1/19/2010 7:13:44 PM by TZ

Game over, man, game over!

Brown is going to win the Senate race in Massachusetts. 52% of the precincts have now reported in and Brown is winning 53% to Coakley's 47%. The fat lady is approaching the stage and the singing will commence shortly.

This is honestly amazing and a huge repudiation for the idiocy that Obama is trying to ram down the country's throat. Brown was behind by 25-30% a few months ago and about 20% in mid-December. For him to have come from behind and now easily win the election is practically unprecedented, and to do it in a steadfastly Democratic state is monumental.

If the Democrats don't wake up, they're going to take a beating in the 2010 elections.

As I've previously noted, I don't like either political party - or even the concept of parties. I think that lifelong politicians are in politics for themselves (whether for personal gain, ego, visions of grandeur, or whatever) and that the whole system is catastrophically flawed. That said, ObamaCare is a huge disaster in the making and will crater the country's long-term future if enacted, and thus anything that stops its passage or at the very least dilutes its effects are a positive.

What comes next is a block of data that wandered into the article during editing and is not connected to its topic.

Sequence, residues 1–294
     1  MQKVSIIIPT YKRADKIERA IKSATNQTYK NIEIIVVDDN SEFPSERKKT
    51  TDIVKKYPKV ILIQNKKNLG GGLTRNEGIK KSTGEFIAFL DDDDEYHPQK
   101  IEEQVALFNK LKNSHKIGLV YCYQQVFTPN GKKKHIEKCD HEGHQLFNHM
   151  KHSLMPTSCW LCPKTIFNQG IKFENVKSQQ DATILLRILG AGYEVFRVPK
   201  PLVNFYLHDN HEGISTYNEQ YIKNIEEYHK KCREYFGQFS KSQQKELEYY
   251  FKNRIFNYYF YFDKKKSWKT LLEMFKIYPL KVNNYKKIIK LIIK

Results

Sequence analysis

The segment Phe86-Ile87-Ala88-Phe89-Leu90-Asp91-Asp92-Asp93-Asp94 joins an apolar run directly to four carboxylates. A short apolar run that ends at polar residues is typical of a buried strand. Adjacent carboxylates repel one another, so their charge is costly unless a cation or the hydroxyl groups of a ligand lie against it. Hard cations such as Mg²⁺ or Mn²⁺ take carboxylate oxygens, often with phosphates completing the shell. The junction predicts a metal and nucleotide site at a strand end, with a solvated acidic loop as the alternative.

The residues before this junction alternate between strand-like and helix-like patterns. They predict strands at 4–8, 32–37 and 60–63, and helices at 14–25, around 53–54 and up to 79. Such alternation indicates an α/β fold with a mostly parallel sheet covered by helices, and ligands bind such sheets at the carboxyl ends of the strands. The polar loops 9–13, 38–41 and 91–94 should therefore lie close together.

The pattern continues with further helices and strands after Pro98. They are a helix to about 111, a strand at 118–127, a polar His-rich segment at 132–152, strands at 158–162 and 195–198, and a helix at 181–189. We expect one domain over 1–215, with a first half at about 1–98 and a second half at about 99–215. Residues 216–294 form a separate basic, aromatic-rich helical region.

America was supposed to be the land of opportunity - not of guaranteed benefits. The current system is fatally flawed, but simply having the government take even more of the private sector's wealth and transfer it to whomever the politicians in power deem worthy is certainly not the answer.

As for the government theoretically being able to bring more "efficiency" to health care...honestly, is there anything that the government does efficiently? As Obama orally blundered last year (when trying to make a point about the government's efficiency, and inadvertently pointing to a fine example of the exact opposite), there are three major mail carriers in the US - Federal Express (FedEx), United Parcel Service (UPS), and the US Postal Service (USPS.) Guess which two rake in huge profits in better times but still managed to remain solidly profitable throughout the worst of the financial crisis, and which one loses billions of dollars per year in good times and bad, requiring a perpetual "bailout" from the government? Yeah, that's right...the USPS. So you want the same dimwits that can't efficiently move a package from point A to point B to manage health care? Good luck with that.